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Courtyard Transformation at Lakota East

Thinking outside the box doesn’t just apply to teaching and learning. At Lakota East, you might even say they’re thinking outside the classroom. Over the summer, an unused courtyard was transformed into a therapeutic outdoor space for students and staff.

Michelle Quarry, one of the school’s mental health therapists from Cincinnati Children’s, came up with the idea after watching the courtyard sit empty from her office window. After scouring Pinterest for ideas, Quarry enlisted a few students and friends to help with the transformation.

overgrown grass and bush by brick building trimmed bush mulch sand pit with rake

“The space can be used for students, clients, teachers or anyone to relax and gather their thoughts, or simply take a timeout,” explained Quarry. “It’s an outdoor version of a re-set room.”

After a few weekends of hard work, the courtyard looks like a completely different space. It now includes seating areas with benches and Adirondack chairs, student-created flower sculptures made from old hubcaps, a Zen garden, bird feeders and more. After her student helpers made the suggestion, Quarry also used benches to set up a coffee table area.

The feedback Quarry has received has been overwhelmingly positive. “I really like it,” said one Lakota Central student who helped create the space. “I feel like being outside puts me in a better mood.”

silver hubcaps cables blue rocks white hubcap red rocks flower made from painted hubcaps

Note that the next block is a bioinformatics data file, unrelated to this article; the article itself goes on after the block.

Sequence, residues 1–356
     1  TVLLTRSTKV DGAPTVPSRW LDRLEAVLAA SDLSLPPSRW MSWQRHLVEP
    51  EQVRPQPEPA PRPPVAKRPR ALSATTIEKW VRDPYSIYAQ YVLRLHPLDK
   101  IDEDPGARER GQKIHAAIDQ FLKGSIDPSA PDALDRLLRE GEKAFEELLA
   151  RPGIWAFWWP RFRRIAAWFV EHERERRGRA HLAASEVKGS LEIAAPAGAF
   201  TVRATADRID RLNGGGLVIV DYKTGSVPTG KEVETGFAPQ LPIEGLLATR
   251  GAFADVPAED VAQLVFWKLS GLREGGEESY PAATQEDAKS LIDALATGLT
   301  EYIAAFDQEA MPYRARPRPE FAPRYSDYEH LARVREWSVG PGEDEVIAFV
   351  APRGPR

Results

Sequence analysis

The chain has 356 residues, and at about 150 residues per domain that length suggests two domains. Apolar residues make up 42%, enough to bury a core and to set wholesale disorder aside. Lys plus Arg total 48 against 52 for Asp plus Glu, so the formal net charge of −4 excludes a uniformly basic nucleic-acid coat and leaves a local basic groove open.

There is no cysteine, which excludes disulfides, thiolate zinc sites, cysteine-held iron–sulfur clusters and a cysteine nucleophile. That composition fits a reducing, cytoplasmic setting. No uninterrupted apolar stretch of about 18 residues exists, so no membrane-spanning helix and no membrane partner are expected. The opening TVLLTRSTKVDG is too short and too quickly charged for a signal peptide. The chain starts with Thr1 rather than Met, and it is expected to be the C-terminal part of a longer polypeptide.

Students and clients helped create the hubcap sculptures, thanks to the generosity of Stricker’s Auto Parts in Batavia. The auto supply store donated hubcaps and other items that were transformed into a two-sided work of art in the center of the space.

Another feature of the courtyard is a rock garden that incorporates “Lakota Rocks” that were painted at the school’s open house last year. “Painting rocks is therapeutic,” said Quarry. “It’s detailed. It’s focused. The next thing you know, my clients don’t feel so anxious, moody or sad.” Quarry’s clients are able to paint a rock during sessions if they choose. Once completed, the students can add their creations to the rock garden.

The project was funded through donations and cast-off items Quarry came across. In addition to Stricker’s Auto Parts, she is grateful for a generous donation from Susan Sheldon at MindPeace, the organization that partners with Lakota to provide mental health therapists in each school.

“Michelle wanted a new experience for students - a change of scenery,” said the Central student. “We’re in a classroom all day. It’s nice to be able to go outside.”

“It’s about paying things forward,” noted Quarry. She’s grateful for her volunteers who spent part of their summer gardening and painting to create the new space, and, of course, the East administration team who gave her the go-ahead. She’s also enlisted the help of some special education classes who have students in charge of filling the bird feeders. 

Quarry is still on the hunt for a few more additions to the space, including two-to-four wrought iron chairs, river rock and mulch. Anyone interested in donating to the courtyard can email Quarry at michelle.quarry@cchmc.org

 
 

  • mental health